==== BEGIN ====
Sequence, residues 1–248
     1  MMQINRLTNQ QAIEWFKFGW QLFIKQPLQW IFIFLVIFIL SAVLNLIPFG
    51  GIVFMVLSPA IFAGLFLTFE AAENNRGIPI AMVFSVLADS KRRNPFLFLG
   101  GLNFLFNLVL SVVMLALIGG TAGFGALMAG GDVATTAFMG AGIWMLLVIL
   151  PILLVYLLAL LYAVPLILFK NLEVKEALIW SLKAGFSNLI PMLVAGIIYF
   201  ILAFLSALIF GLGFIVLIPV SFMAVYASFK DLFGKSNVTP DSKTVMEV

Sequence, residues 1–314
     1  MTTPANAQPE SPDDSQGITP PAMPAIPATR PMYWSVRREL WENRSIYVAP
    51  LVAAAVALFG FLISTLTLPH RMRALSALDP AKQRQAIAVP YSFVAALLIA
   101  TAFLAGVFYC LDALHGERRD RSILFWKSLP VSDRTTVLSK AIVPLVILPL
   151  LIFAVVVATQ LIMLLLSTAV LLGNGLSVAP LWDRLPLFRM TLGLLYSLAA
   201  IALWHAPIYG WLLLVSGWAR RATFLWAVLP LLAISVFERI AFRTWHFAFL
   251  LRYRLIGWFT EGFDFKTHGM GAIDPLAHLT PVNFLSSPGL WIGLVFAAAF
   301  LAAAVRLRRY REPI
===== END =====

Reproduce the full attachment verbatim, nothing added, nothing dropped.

Sequence, residues 1–248
     1  MMQINRLTNQ QAIEWFKFGW QLFIKQPLQW IFIFLVIFIL SAVLNLIPFG
    51  GIVFMVLSPA IFAGLFLTFE AAENNRGIPI AMVFSVLADS KRRNPFLFLG
   101  GLNFLFNLVL SVVMLALIGG TAGFGALMAG GDVATTAFMG AGIWMLLVIL
   151  PILLVYLLAL LYAVPLILFK NLEVKEALIW SLKAGFSNLI PMLVAGIIYF
   201  ILAFLSALIF GLGFIVLIPV SFMAVYASFK DLFGKSNVTP DSKTVMEV

Sequence, residues 1–314
     1  MTTPANAQPE SPDDSQGITP PAMPAIPATR PMYWSVRREL WENRSIYVAP
    51  LVAAAVALFG FLISTLTLPH RMRALSALDP AKQRQAIAVP YSFVAALLIA
   101  TAFLAGVFYC LDALHGERRD RSILFWKSLP VSDRTTVLSK AIVPLVILPL
   151  LIFAVVVATQ LIMLLLSTAV LLGNGLSVAP LWDRLPLFRM TLGLLYSLAA
   201  IALWHAPIYG WLLLVSGWAR RATFLWAVLP LLAISVFERI AFRTWHFAFL
   251  LRYRLIGWFT EGFDFKTHGM GAIDPLAHLT PVNFLSSPGL WIGLVFAAAF
   301  LAAAVRLRRY REPI